Names Lockheed Martin Orion Contractor
Lessons from the past are guiding NASA's next step into
the future, as the space agency prepares to replace the space
shuttle with an Apollo-style vehicle for human explorers.
in lunar orbit.
credit: Lockheed Martin Corp.
The vehicle is Orion,
named for one of the brightest and most recognizable star
formations in the sky. It will be a multi-purpose capsule -- the
central member of a family of spacecraft and shuttle-derived
launchers that NASA's Constellation Program is developing to
carry astronauts back to the moon and later to Mars. The first
flight with astronauts aboard is planned for no later than 2014.
Orion's first flight to the moon is planned for no later than
In what amounts to one of the most significant NASA
procurements in more than 30 years, two industry teams, Northrop
Grumman/Boeing and Lockheed Martin, spent the past 13 months
refining concepts, analyzing requirements and sketching designs
for Orion. On Thursday, managers of NASA's Exploration Systems
Mission Directorate revealed that Lockheed Martin Corp. of
Bethesda, Md., has been chosen to build it.
will be Orion's trademark. It is being designed to fly to the
moon, but could also be used to service the International Space
Station in low-Earth orbit. "Our intent is to keep the
destination focusing the design but we are not excluding the
possibility of using Orion for other things, such as de-orbiting
the Hubble Space Telescope in the 2020s or making a trek to an
asteroid," said Jeff Hanley, who manages the Constellation
Program from the Johnson Space Center in Houston.
improves on the best features of Project Apollo and the Space
Shuttle Program, increasing the likelihood of success. "Going
with known technology and known solutions lowers the risk"
said Neil Woodward, director of the integration office in the
Exploration Systems Mission Directorate at NASA Headquarters in
Washington. Although Orion borrows its shape and aerodynamic
performance from Apollo, the new capsule's updated computers,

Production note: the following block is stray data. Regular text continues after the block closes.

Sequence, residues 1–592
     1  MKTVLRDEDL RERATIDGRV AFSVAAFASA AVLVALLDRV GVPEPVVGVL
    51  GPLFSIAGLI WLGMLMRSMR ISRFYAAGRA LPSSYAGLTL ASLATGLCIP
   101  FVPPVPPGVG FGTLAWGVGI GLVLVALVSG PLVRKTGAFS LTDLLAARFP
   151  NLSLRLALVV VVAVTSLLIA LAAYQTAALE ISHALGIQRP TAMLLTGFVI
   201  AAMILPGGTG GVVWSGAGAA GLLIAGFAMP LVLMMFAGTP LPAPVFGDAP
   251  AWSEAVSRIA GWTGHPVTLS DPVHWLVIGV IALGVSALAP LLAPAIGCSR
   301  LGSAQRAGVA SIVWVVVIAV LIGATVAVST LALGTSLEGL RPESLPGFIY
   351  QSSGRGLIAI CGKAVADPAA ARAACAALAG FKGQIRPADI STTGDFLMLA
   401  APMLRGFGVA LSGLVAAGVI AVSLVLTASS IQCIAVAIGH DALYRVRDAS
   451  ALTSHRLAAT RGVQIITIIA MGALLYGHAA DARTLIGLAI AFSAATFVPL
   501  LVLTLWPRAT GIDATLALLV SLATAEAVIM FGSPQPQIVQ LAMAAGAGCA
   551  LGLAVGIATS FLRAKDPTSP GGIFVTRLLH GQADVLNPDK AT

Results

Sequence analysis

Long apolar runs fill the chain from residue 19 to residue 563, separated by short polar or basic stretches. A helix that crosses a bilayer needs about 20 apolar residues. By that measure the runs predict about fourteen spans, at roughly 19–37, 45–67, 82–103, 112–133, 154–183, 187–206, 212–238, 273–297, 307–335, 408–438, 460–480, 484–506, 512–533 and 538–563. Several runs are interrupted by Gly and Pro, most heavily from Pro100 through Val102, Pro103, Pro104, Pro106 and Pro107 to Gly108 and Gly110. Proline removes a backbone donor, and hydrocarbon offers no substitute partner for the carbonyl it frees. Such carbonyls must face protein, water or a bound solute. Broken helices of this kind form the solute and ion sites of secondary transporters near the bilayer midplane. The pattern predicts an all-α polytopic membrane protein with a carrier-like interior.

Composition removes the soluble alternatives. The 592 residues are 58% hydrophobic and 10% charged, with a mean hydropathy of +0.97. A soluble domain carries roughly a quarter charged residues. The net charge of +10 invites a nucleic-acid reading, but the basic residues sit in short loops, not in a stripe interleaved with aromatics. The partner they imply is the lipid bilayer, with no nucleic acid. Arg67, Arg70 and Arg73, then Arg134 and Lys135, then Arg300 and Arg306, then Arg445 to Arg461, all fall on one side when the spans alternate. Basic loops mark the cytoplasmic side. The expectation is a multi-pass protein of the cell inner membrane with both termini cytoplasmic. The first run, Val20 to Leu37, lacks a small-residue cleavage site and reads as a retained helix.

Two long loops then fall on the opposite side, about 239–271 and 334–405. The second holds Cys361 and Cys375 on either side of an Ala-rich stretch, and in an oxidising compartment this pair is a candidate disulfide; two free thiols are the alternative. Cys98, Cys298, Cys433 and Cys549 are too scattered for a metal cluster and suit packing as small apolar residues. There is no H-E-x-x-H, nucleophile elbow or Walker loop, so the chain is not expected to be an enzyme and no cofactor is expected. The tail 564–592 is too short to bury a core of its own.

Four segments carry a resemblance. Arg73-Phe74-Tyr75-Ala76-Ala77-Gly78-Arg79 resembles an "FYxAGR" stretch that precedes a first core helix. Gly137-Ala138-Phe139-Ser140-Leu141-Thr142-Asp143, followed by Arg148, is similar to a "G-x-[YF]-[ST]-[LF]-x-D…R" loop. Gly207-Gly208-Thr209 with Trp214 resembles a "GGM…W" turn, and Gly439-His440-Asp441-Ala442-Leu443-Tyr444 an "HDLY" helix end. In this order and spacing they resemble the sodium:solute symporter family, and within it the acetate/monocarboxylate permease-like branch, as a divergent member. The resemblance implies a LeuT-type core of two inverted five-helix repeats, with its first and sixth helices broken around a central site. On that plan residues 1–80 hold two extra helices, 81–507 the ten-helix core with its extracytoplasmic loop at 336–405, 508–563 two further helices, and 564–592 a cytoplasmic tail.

electronics, life support, propulsion and heat protection systems
represent a marked improvement over legacy systems. We're pushing
the technological edge, but only where it makes sense," says
Unlike the winged space shuttle orbiter, which
is mounted beside its external fuel tank and boosters for
liftoff, Orion will be placed on top of its booster to protect it
from ice, foam, and other launch system debris during ascent.
Placing the spacecraft on top of the launch vehicle also allows
the addition of an abort system that can separate capsule and
crew from the booster in an emergency.
and a lunar lander head for the moon.
Lockheed Martin Corp.
Among the most obvious
improvements is the command module's size. Measuring 16.5 feet in
diameter, Orion will have more than 2.5 times the interior volume
of the three-seat Apollo capsules that carried astronaut crews to
the moon for missions lasting only several hours to several days
in the late 1960s and early 1970s. Orion will be crucial for
developing a sustained human presence on the moon. It will be
able to carry four astronauts to the moon and support missions of
up to six months.
"You don't get the chance to build
a new human spacecraft every day," said Skip Hatfield, the
Orion project manager in Houston. "This is a wonderful
opportunity for NASA to learn from the things we've done in the
past, take the best of those activities, and blend them together
using the latest methods of manufacturing and management to make
a system that will enable us to go out and explore beyond
Hatfield and Hanley noted that NASA
is leveraging the talent and resources of the entire agency in
the design and development of Orion. While Constellation Program
management resides at Johnson, all 10 of the agency's field
centers are making important contributions.
with Lockheed Martin has a seven-year base valued at about $3.9
billion for design, development, testing and evaluation of the
new spacecraft. Production and sustaining engineering activities
are contract options worth more than $4 billion through 2019.
/ credit: NASA